Paper No. 9
Presentation Time: 10:40 AM


BROWNLOW, Joshua W.1, BARBEE, Gary C.2 and ROGERS, William J.2, (1)Department of Geology, Baylor University, One Bear Place #97354, Waco, TX 76798, (2)Department of Life, Earth and Environmental Sciences, West Texas A&M University, 2501 4th Avenue, Canyon, TX 79016,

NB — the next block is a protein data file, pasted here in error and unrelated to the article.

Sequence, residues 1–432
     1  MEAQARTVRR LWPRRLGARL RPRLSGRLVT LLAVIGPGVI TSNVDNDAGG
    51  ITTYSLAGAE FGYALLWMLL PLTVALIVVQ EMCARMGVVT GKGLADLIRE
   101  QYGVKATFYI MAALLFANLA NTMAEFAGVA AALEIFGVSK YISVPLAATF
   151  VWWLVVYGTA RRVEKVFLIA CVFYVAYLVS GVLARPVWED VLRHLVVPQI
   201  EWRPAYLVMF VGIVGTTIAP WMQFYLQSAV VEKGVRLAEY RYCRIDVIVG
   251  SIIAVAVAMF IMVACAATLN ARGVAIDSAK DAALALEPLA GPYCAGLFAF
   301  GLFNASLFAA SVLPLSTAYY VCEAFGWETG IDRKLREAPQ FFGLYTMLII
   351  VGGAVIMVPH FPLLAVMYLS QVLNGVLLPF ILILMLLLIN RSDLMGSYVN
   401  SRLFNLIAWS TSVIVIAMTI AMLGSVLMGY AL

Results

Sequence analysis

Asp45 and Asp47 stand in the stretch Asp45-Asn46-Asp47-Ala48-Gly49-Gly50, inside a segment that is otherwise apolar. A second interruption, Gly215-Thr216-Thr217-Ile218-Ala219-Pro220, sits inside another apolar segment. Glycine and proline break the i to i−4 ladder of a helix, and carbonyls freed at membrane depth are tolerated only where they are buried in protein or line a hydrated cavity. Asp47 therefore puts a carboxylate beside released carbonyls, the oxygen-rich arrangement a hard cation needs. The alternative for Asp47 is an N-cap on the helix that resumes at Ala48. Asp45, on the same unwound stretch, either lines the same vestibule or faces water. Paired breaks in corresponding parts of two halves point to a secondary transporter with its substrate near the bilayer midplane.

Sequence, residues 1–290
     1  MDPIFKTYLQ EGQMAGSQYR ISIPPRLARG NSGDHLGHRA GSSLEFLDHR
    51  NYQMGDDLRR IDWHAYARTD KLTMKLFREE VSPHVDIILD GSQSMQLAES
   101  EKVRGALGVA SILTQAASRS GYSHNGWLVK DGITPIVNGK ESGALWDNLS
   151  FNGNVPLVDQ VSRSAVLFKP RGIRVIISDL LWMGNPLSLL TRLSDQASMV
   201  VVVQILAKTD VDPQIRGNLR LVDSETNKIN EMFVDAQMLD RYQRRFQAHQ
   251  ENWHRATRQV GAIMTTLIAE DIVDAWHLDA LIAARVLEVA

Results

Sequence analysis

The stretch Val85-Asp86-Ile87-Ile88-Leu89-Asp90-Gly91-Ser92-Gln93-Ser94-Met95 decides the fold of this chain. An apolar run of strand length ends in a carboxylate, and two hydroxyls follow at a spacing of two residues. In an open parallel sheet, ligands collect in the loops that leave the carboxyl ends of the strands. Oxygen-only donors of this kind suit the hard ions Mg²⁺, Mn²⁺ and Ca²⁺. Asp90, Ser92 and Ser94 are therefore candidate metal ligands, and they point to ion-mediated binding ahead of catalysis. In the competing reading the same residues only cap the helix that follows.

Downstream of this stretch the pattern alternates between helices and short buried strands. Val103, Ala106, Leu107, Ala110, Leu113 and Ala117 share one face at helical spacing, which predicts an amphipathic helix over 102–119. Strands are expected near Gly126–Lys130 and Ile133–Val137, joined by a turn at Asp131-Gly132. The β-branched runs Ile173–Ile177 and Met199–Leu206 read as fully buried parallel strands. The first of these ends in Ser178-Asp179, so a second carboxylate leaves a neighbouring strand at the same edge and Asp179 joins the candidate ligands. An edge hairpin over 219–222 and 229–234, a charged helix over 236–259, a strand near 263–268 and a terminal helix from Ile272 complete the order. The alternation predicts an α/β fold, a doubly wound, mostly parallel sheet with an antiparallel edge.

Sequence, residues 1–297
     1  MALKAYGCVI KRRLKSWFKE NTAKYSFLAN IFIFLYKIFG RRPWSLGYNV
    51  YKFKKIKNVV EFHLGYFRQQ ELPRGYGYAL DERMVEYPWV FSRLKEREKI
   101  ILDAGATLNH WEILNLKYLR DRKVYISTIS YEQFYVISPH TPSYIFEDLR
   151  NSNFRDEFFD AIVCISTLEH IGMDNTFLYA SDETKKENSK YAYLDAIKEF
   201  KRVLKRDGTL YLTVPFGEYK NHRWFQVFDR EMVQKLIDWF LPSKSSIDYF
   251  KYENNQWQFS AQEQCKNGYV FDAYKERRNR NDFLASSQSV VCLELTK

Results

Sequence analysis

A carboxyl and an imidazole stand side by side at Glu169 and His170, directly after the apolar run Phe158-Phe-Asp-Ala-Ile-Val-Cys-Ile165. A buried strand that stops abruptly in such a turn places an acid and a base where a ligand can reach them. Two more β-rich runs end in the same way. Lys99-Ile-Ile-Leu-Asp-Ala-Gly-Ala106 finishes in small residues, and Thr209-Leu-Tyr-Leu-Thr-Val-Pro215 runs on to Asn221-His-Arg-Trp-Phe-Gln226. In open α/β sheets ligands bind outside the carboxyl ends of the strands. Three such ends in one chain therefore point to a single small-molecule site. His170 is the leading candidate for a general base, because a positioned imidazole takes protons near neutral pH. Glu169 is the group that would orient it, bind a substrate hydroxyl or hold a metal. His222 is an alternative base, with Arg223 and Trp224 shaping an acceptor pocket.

Slickensided features within subsurface clays may function as preferential pathways for contaminants, even though such clays appear impermeable. Geotechnical investigations have historically focused on the suitability of in situ clays as liners for waste disposal and storage sites. However, the investigations did not quantify the role slickensides might have in chemical migration. In this study, twenty “undisturbed” cores containing slickensides were collected from a subsurface (6.0 m depth) clay stratum at a once-proposed municipal landfill. The cores were permeated with water and three selected organic liquids in fixed-wall constant head permeameters. Water (baseline) hydraulic conductivities were determined for all cores, followed by a randomly assigned water or organic liquid treatment, with five cores in each treatment. The last pore volume through each core included a dye (i.e., Brilliant Blue FCF) designed to visually detect macropore flow. The organic liquids included xylene, methanol and acetone at differing concentrations. Although the clay stratum previously was considered an adequate confining layer (< 1.0 x 10-7 cm s-1), slickensided clays had baseline conductivities to water that ranged from 4.4 x 10-8 to 8.8 x 10-4 cm s-1. Slickensided clays treated with organic solvents showed increased conductivities up to 1.4 orders of magnitude larger than their respective baselines. Cores with initially low (< 1.0 x 10-7 cm s-1) baseline conductivities had the largest increases in conductivity, while those with higher baseline conductivities had modest conductivity increases, which were more reflective of the density to viscosity ratio of the permeants. Clays treated with pure xylene had the largest increases in conductivity, up to 1.4 orders of magnitude. Clays treated with increasing concentrations of methanol and acetone did not show significant conductivity increases until a 90% solution was permeated. Visual observations of dyed cores revealed distinct vertical and linear preferential flow along slickenside planes. These results have significant implications regarding the disposal and storage of surface waste and suggest that undisturbed (in situ) slickensided subsurface clays are more conductive of fluids than previously assessed.